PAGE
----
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Time is money: lifting the lid on ceding provider delays

Time usually benefits pension savers – generally, the longer an individual saves into their pension, the more it is likely to grow.

That said, there are occasions when time can work against a client, most notably when they are exercising their right to switch pension providers. By this, we refer to the delays imposed by ceding providers – pension scheme members’ existing providers – when releasing the funds of clients wanting to transfer to an alternative provider. 

Understanding ceding delays

After speaking with an independent financial adviser (IFA), some individuals will find that their needs are better met with another pension scheme provider. Should they wish to push ahead with the advice offered, the adviser will then set plans in motion and send out a letter of authorisation to the ceding provider.

This is where problems may begin to rear their head.

Advisers do warn clients to expect some delays with their transfer. After all, industry regulations ensure that ceding providers conduct thorough security checks before releasing clients’ money, to ensure it will not be going into a fraudulent scheme. It is expected that this process should take no longer than 28 days. 

However, there are no legal limits placed on the maximum amount of time it should take to process a transfer, leaving ceding providers with no sense of urgency. In extreme cases, My Pension Expert have seen transfers well surpass the standard 28 days, with some ceding providers taking an additional 85 days to release client funds.

Such delays come at an irretrievable cost to the client. This is because once the initial letter of authorisation is sent, the funds are removed from any investments within their existing scheme. As such, the funds are in ‘limbo’ until they receive the green light to transfer across to their new provider. And if the market moves throughout the transfer process, their pension pot will not grow accordingly. In My Pension Expert’s experience, some clients have been so unlucky as to lose almost £900 as a consequence of these delays – and this is money that they are unlikely to get back.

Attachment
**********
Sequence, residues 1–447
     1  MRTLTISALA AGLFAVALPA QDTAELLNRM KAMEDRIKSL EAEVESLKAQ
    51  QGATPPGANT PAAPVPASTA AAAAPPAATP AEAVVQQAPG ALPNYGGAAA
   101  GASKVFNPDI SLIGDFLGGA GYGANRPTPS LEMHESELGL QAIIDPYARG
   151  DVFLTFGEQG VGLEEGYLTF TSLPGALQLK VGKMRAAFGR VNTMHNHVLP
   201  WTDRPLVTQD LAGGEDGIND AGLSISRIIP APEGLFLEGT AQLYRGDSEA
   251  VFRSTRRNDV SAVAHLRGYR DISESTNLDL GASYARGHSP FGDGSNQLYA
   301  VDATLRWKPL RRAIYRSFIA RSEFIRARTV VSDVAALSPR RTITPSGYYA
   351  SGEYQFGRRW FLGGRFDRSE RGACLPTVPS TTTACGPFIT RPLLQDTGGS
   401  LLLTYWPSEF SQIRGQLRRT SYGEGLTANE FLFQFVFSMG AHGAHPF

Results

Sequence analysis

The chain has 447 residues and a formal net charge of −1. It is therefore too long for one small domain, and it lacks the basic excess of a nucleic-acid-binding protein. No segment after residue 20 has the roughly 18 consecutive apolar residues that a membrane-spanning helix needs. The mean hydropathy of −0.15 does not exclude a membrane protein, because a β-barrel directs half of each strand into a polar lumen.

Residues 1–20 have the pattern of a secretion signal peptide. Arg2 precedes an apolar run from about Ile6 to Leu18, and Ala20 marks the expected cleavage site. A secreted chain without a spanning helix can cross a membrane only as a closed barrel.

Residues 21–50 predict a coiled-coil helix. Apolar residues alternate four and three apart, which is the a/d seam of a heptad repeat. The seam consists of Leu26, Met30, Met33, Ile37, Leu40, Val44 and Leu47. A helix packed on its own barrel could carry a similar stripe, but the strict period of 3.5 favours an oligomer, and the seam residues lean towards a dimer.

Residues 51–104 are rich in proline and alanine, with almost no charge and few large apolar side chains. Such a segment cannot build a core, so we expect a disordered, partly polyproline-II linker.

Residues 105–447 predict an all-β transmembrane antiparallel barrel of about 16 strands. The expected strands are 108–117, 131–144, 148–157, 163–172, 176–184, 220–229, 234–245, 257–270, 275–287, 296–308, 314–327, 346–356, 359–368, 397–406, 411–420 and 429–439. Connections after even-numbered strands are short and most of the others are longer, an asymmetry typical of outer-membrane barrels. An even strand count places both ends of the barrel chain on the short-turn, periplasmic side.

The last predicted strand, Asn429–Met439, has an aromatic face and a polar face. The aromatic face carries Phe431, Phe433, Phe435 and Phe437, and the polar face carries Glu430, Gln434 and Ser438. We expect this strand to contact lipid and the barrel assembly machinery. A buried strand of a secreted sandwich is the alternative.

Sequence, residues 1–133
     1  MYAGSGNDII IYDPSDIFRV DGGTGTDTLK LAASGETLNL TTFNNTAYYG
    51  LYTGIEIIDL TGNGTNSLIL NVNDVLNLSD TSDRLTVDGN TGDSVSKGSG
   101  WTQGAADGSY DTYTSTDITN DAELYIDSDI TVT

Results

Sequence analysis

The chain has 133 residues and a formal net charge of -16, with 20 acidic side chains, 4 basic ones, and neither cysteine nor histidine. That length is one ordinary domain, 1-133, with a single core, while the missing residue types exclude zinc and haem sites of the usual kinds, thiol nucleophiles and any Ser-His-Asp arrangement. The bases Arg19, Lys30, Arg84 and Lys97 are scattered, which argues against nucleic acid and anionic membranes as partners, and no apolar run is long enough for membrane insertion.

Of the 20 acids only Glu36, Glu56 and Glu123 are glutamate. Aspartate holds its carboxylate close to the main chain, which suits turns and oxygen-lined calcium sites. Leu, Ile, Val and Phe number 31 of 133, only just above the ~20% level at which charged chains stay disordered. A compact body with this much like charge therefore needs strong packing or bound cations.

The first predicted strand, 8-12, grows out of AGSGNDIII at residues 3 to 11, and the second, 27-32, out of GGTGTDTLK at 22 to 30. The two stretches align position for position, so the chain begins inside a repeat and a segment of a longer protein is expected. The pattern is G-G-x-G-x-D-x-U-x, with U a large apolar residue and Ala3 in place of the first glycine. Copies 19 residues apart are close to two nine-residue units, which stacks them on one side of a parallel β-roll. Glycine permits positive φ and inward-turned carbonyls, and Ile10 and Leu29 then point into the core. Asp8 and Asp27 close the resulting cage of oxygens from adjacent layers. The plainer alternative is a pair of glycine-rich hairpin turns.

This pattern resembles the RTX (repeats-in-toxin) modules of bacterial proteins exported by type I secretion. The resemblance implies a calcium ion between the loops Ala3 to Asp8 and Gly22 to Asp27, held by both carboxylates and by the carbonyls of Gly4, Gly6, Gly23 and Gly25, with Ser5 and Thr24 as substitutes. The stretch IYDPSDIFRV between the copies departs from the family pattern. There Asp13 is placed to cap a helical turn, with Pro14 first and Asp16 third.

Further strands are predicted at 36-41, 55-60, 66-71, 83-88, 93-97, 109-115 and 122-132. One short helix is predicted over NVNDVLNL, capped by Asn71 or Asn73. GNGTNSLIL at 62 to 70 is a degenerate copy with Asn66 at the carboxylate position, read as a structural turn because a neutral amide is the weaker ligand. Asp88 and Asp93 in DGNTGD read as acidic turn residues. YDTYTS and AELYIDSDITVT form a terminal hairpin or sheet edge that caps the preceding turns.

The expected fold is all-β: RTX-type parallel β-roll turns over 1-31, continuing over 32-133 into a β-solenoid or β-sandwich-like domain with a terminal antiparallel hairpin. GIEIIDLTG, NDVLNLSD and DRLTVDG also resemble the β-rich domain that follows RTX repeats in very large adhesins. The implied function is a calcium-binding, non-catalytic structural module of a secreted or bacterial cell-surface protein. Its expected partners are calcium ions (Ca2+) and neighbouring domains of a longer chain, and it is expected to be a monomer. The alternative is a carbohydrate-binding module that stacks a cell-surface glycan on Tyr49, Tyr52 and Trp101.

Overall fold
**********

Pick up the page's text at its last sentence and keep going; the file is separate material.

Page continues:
Unfortunately, all advisers can do is chase the ceding provider via telephone or email on behalf of the client, adding further frustration to the process. 

Clarity is key

Clearly, things must change. So, what can be done to improve this situation?

Put simply, the financial services industry requires a collaborative effort to drive any significant transformation. As such, retirement advisers and the industry at large must work together to make the transfer process more transparent.

For one, advisers must ensure that they are keeping clients in the loop every step of the way. This should begin by making the client aware of any potential delays that might crop up during the process so that they do not feel that they have been misinformed should a ceding provider default to lengthy processing times.

After sending out a letter of authorisation, advisers should reassure their client that they have taken sufficient action to instruct the ceding provider to release the funds. Likewise, IFAs would also do well to keep a running log of their contact, or any attempts to contact, the ceding provider. Doing so will allow clients to build up a record of evidence should they decide to pursue a claim against any obstructions to a transfer.

Furthermore, the FCA must actively work alongside organisations like The Pension Regulator and the Pension Advisory Service to produce coherent guidelines for best practice about the length of time it should take to process transfer requests. Above all else, this should ensure that providers are truly held to account so that individuals are not left out of pocket due to lengthy delays.

Ultimately, ceding companies must also acknowledge the part they have to play and come up with new processes to ensure that the client is always aware of any ongoing delays, as well as the reasons for why they have occurred. While overhauls will not happen overnight, a collective effort will be the antidote to unnecessary pension transfer delays, and the industry will start to see gradual yet positive change.